Leaders' debate fails to encourage election talk among third of Brits

With just nine days until the polling booths open, a third of Brits failed to have a single conversation about the general election in the past week, according to new statistics.

Leaders debates: election discussion
Leaders debates: election discussion

It appears the impact of screening the second leaders' debate primarily on cable and satellite channels has dampened the public's discussion of the election, with conversations falling from 68 per cent in the week of the first leaders' debate, to 64 per cent last week.

The figures are taken from Talking Point, a new tool developed by Band & Brown Communications to track conversations about brands, products and people. Weekly polling of more than 2,000 people is conducted by ICM.

The results also showed that Nick Clegg's ‘positive conversation' index has fallen, with 30 per cent of the British population having a positive conversation about the Liberal Democrat leader in the past week, which was -9 on the week before.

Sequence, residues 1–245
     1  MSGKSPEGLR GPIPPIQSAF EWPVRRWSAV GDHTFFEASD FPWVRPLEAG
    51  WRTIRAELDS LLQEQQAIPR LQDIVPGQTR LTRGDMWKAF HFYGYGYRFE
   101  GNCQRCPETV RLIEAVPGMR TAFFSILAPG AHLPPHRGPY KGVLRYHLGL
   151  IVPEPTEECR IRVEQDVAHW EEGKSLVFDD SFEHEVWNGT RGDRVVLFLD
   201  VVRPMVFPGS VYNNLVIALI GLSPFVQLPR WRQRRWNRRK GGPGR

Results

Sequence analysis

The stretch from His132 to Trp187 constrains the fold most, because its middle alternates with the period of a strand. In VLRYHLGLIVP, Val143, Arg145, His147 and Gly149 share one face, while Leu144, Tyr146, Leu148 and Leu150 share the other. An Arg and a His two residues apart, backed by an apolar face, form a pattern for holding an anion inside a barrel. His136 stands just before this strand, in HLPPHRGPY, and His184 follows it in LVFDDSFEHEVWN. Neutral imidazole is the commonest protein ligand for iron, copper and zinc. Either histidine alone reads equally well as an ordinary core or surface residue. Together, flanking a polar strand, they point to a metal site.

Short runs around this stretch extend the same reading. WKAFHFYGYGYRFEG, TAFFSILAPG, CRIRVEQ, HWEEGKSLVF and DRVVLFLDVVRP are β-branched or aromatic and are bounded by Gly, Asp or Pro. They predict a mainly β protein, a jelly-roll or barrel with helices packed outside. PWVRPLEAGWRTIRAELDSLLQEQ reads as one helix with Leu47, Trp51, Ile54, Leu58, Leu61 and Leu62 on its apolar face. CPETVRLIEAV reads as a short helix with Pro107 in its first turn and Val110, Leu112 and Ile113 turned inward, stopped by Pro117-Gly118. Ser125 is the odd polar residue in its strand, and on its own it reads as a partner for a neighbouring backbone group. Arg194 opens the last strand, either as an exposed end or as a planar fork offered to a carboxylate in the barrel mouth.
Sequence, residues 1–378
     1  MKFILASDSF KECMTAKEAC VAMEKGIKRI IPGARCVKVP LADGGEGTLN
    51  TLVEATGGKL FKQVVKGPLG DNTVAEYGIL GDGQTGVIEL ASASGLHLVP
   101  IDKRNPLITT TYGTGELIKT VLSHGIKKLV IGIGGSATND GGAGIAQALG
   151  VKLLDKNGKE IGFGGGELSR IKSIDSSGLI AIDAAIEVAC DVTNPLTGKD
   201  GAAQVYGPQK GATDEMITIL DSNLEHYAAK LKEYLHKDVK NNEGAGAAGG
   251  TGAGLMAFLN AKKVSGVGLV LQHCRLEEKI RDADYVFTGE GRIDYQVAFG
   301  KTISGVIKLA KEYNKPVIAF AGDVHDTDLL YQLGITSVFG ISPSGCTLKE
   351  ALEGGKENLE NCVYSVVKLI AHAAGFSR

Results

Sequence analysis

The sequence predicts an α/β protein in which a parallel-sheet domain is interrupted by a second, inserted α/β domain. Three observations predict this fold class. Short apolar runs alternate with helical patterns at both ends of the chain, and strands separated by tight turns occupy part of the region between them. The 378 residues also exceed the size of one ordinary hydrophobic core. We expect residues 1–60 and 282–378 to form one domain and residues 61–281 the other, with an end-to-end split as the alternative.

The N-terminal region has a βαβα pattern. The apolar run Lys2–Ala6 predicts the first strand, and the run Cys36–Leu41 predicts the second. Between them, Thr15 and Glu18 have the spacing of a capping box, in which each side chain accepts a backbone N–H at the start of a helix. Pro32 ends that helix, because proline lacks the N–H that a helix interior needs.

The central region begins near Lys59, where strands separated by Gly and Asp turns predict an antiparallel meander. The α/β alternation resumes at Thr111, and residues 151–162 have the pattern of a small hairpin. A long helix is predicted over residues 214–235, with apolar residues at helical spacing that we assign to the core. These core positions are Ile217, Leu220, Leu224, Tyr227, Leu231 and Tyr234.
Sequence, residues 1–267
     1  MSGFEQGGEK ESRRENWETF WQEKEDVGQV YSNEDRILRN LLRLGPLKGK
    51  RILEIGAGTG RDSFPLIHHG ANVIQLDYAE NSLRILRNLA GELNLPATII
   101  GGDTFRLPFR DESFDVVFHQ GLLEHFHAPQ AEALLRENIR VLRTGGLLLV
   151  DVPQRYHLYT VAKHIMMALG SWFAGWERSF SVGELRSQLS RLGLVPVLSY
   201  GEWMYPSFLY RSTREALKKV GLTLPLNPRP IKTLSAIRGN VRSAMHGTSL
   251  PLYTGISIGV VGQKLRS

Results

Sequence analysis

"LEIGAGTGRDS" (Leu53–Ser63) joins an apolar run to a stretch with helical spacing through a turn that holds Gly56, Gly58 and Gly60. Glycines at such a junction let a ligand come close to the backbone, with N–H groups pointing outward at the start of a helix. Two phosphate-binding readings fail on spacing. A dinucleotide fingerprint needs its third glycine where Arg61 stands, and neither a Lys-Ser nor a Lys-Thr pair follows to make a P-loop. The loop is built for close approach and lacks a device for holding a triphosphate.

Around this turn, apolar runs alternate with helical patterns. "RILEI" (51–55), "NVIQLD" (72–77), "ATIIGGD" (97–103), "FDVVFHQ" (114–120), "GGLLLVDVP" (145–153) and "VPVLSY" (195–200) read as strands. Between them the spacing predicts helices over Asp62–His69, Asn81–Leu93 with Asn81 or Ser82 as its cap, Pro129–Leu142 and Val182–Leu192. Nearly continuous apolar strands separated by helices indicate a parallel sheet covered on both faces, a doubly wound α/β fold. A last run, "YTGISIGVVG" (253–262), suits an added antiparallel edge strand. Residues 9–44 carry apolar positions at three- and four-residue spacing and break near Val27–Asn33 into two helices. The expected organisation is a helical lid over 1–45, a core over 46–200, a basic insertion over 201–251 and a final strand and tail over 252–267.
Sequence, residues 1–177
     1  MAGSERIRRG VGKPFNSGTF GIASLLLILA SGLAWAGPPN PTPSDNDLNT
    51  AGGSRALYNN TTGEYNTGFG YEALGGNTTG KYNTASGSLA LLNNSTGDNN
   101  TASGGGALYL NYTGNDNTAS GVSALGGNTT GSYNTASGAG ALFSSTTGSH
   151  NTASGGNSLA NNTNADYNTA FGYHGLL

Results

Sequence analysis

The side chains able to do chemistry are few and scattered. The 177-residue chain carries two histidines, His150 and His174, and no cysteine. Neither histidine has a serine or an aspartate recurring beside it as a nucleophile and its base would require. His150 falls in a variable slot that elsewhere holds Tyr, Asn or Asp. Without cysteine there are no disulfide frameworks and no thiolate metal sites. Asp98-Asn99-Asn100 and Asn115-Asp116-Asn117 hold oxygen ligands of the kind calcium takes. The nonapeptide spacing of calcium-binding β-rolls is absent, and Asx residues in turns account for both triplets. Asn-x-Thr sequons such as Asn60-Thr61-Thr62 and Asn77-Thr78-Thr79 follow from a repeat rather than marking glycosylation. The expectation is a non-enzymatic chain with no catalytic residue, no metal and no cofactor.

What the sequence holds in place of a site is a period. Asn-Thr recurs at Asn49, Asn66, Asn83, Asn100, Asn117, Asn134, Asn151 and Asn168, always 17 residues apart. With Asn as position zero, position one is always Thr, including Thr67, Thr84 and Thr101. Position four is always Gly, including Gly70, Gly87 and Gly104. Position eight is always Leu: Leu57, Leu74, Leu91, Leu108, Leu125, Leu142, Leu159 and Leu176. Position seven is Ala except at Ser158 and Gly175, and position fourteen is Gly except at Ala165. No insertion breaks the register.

However, positive ‘talkability' around Clegg is still way ahead of his political rivals.

Positive conversations about David Cameron recorded a small week on week increase (17 per cent, +1) and similar conversations about Gordon Brown have increased for the fourth week running to 15 per cent (+2 on the previous week).

Commenting on the polling data Band & Brown planning director Fiona Longhurst said: ‘The results just underline the impact of the first TV debate, but it must be a concern for politicians that they have been unable to capitalise on this impact and continue to engage the public in the general election campaign.'

 

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